Earlier this week, YPN profiled this year’s Outstanding Young Farmer winners, Nick and Tara Meyer of Meyer Dairy. Today, we interview the Meyers to gain a more in-depth look at their work and lives as Minnesota farmers.
Audra Otto: How long have you two been farming?
Tara Meyer: Nick grew up on this farm and has farmed here all his life. He continued to farm while going to college at Ridgewater in Willmar, Minn., where he received his dairy management degree.
Nick’s parents transferred the farm to him in 2003.
Of the six children in his family, Nick was the only one who chose to farm here.
I also grew up on a farm and went to school with plans to stay involved in agriculture.
I earned a B.S. in applied economics, with a minor in dairy science, from the University of Minnesota and then worked for the Minnesota Farm Bureau and the Minnesota Farm and Food Coalition.
Most recently, I earned an M.B.A. in business administration from the University of Phoenix and joined Nick working full-time at Meyer Dairy.
It has been a blessing meeting Nick and raising a family on our farm.
AO: Why have you chosen to be farmers?
TM: Farming has always been our passion. We enjoy working with our cattle, producing a quality milk product for our consumers and working the land.
We’re excited to raise our children on our farm — it’s a great lifestyle.
AO: Do you two do all the farm work or do you have help?
We have six part-time employees that help with the milking. Nick’s father also helps with feeding the cattle daily.
AO: Can you share a little bit about the process of your farm?
TM: We milk 175 Holstein cows. The cows are milked twice a day: at 4:30 a.m. and 4:30 p.m. They eat a balanced diet that follows guidelines set out by our dairy nutritionist.
AO: How you go to market?
We produce about 1,500 gallons of milk daily. Our milk is sold through Land O’Lakes; it travels 10 miles from our farm to Melrose, Minn., where it’s made into parmesan cheese.
AO: What are your relationships like with the older farmers in your community?
TM: We are fortunate to have several mentors that we go to for advice and answers to our questions.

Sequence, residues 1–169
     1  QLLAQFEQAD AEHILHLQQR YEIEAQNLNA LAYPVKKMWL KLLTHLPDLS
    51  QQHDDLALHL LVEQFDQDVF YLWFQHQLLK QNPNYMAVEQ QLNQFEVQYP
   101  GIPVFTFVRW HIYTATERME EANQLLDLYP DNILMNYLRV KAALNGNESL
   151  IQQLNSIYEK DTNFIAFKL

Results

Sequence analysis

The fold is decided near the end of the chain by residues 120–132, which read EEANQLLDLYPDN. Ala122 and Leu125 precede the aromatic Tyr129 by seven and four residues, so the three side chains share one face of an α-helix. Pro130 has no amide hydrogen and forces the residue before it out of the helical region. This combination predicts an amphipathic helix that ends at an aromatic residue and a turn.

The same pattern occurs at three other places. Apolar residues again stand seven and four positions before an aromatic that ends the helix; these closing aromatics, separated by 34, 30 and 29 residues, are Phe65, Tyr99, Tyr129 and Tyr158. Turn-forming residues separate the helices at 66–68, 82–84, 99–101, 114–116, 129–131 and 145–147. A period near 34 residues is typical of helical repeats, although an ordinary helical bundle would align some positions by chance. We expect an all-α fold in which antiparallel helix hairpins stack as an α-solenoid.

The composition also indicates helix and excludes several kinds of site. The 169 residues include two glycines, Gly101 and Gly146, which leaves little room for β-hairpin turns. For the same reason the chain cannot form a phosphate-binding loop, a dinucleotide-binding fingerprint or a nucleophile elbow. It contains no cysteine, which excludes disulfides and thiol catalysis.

We live in Stearns County, which is the 17th-largest dairy county in the nation. The majority of our neighbors are farmers, so there is a real camaraderie that has been built.
Both our fathers are excellent farmers and we rely heavily on their opinions and advice, as well.
There are also many resources and networking opportunities we can utilize through the University of Minnesota Extension Service.
AO: What do you think are the challenges of starting a farm in today’s economic landscape?
TM: Farming is very capital-intensive. It can be very difficult for a young farmer who is trying to get started on his/her own to get financing.
AO: Regarding start-up funding, of the alternative options that exist to using savings bank loans to start an agricultural endeavor, have you found grants, sponsorships or other financial assistance programs to be accessible during these initial years?
TM: There are many beginning-farmer programs that can help farmers start-up. For example, Minnesota’s Rural Finance Authority administers the Aggie Bond Loan Program, a federal bonding program that offers affordable financing for beginning farmers.
In Minnesota and Wiscosin, AgStar Finance offers the GroundBreakers
program — designed to provide ongoing access to credit and related financial services — to young, beginning and small farmers.
AO: Are you involved in any farmers unions or other farmers or young farmers groups?
TM: We are members of Minnesota Farm Bureau Federation, as well as their Young Farmers and Ranchers program. We’re also members of the Minnesota Milk Producers Association.
There are lots of organizations out there to help young farmers. The Minnesota Agriculture and Rural Leadership program helps young farmers develop the skills to tackle the challenges of farming and aims to mold agricultural and rural leaders for tomorrow.
The Farm Beginnings initiative — run by the Minnesota-based nonprofit Land Stewardship Project — provides young farmers with opportunities to learn about low-cost, sustainable methods of farming through farmer-led, community-based training and support programs.
On the nation level, there’s the National Young Farmers’ Coalition, a farmer-led partnership between young farmers and innovative beginning farmer service providers. Their mission is to work toward young farmers’ collective success — raising issues faced by beginning farmers, lobbying for policy change and bringing farmers together in person and online to learn, share and build a stronger community.
AO: How are family farms doing in Minnesota versus corporate farms?
TM: Corporate farms only exist in the eyes of the media. There are no corporate farms in Minnesota — this is a huge misconception.
Since 1973, our state has had a corporate farm law that bars corporations, limited liability companies, pension or investment funds, trusts and limited partnerships from farming, owning or leasing farmland in Minnesota.
AO: What’s one thing you want people to know about Meyer Dairy?
TM: We take great pride in our animals and the quality milk that we produce.
We give tours of our farm to interested members of the public; we’re just a short distance from the Twin Cities!
Stay tuned tomorrow as we continue to feature profiles of the 2011 OYF finalists. Up next: Central Minnesota cattle farmer and cold-pressed sunflower oil producer, Tom Smude.
The “YPN5Q” interview series will resume Friday, Jan. 6, 2012.